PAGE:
Honor Thy Mother

Can Ciaran Redmond ever rob enough banks to avenge his mother's death?

And what if you weren't?
"People might sit there and think that I'm nuts or something," Ciaran Redmond says. "But I'm not. To me, it made perfect sense. It literally became a simple equation.

"I had thought about it so many times and gone over it so many times in my head that, to me, there was an exact reason why I was doing this, and I had no problem with what I was doing. But I didn't want to hurt anybody, either, so I wanted to stay as calm as possible. And the weird thing about it was, when I actually started, I was a hell of a lot more calm than all the nights I stayed awake thinking about doing it, you know?"

"Now people in prison see me and say, 'There he is--the guy who robbed the banks.' Then they'll call out, 'Hey! Why didn't you stop at three?' Because I wanted to stop at five. Because I didn't want to have to do this again two weeks later.

"I just wanted to be the good guy for once. I wanted to be the good guy for my kids, I wanted to be the good guy for my girl, and I wanted to be the good guy for my mom."

"Ciaran's always wanted to romanticize his life," says his ex-wife. "He spins stories--glamorous, tragic tales. But then he believes them. He romanticizes things; he's always wanted to be the hero. The big, misunderstood hero."

When Ciaran Redmond thinks back about his family, this is what he remembers: his father, a big Irishman, a quiet, patient man with an inclination toward whiskey, an aircraft mechanic who died before anyone was ready for it. Ciaran says he died under mysterious and brutal circumstances--perhaps the Irish Republican Army was a factor? His sister and ex-wife wonder where he got that idea and say it was cancer. Patrick Redmond was 48 when he passed away; Ciaran, his favorite child, was eight years old.

That left his mother to raise the family--three boys and three girls (Ciaran is the youngest, the only one not born in Ireland). Elsie Redmond was a tall, prematurely gray, sharp-tongued woman around whom the entire family revolved, sucked in close in one moment, shot out reeling the next. She was big on generosity and guilt and love and, at the sound of an ill-chosen word or a simple miscommunication--or at times without even any warning--had a temper that could send a pot whizzing at someone's head.

"My mom was a really strong woman," says Ciaran. "She never let anything back her up. She would make things happen, make sure the family stuck together--she was really big on the family sticking together. All the family members being there at Christmas, all the family members at birthdays. We had our good Irish rows, where sometimes we'd exchange some fists and the next day we'd call each other up and say, 'I'm coming over to do laundry.' And we'd forget about it. It was just the way things were."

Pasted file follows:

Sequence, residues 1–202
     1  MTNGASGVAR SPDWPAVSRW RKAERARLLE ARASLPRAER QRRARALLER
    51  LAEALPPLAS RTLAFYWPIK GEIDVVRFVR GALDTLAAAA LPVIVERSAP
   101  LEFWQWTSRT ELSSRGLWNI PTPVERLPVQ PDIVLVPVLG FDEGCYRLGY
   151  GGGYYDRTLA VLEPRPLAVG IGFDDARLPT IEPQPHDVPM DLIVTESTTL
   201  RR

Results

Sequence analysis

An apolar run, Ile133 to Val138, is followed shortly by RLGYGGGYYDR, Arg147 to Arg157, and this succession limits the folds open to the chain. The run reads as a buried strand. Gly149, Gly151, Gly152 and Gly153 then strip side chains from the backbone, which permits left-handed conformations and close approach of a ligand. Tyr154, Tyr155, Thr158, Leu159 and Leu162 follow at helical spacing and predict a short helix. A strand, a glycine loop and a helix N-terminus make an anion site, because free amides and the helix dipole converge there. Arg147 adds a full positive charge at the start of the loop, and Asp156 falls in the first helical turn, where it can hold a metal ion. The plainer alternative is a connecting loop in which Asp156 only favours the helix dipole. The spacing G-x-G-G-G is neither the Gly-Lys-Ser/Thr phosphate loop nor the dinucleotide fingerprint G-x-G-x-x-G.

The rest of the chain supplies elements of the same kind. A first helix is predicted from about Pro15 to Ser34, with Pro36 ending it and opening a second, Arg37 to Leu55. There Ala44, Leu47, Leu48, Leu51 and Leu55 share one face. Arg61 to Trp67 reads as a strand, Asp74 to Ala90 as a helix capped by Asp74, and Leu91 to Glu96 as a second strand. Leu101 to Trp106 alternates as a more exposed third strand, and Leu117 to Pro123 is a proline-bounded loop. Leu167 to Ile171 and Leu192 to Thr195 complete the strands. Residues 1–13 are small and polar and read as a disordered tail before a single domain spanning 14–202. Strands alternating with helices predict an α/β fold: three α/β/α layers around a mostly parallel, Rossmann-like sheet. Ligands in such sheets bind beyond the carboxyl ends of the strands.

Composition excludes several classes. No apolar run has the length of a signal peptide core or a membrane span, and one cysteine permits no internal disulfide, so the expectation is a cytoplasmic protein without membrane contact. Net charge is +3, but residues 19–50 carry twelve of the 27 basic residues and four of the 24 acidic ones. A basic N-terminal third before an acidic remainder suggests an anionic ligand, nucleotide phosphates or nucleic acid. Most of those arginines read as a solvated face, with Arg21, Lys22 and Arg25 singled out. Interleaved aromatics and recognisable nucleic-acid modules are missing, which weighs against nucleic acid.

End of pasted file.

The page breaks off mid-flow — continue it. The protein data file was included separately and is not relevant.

"The family always lived close to each other and often got together for holidays and dinners," recalls Ciaran's ex-wife (she asked that her name not be used). "They were a very volatile, stereotypical Irish family. You were always walking on eggshells, and the gatherings often turned into big Irish brawls."

For entertainment and at times for inspiration, the Redmonds, like many Irish immigrants, turned to the biggest and loudest American Irishman of them all. "My mom and dad considered John Wayne to symbolize all the things you believe in in America," Ciaran says. "He was their symbolic America, and he just became more and more of a legend in our family. My mom even met him once, at the Balboa Bay Club, where she went to a party once. She danced with him. 'I danced with the Duke,' she'd say."

After moving from Ireland through Canada to Detroit--where Ciaran was born in November 1968--the Redmonds returned to Ireland for a time before settling in California after Patrick's death. While he was alive, the family lived comfortably, even well. Ciaran remembers a house with a swimming pool, a camper--"all the things an American family should have." Afterward Elsie was forced to go to work as a home health-care worker, and life changed.

"After he died, it was really a struggle," Ciaran recalls. "But still she put me and my sister through private school." At age twelve, though, Ciaran began getting into trouble at school and committing his first crimes, mostly stealing. The following year he agreed to enter a Catholic boarding school that prepared students for the priesthood. He didn't last long there, however, and by eleventh grade he was finished with school for good.

Ciaran bounced from family member to family member, hitting the occasional drug and alcohol rehab program in between. By the time he was fifteen, he was already spending more time away from home than he was there; at sixteen, while living in a juvenile detention facility, he tried to kill himself, slashing his wrists. Just before his eighteenth birthday, he moved to Denver to be with a girl who, in a short ceremony in Las Vegas in early 1987, became his wife. Five months later his first son was born.

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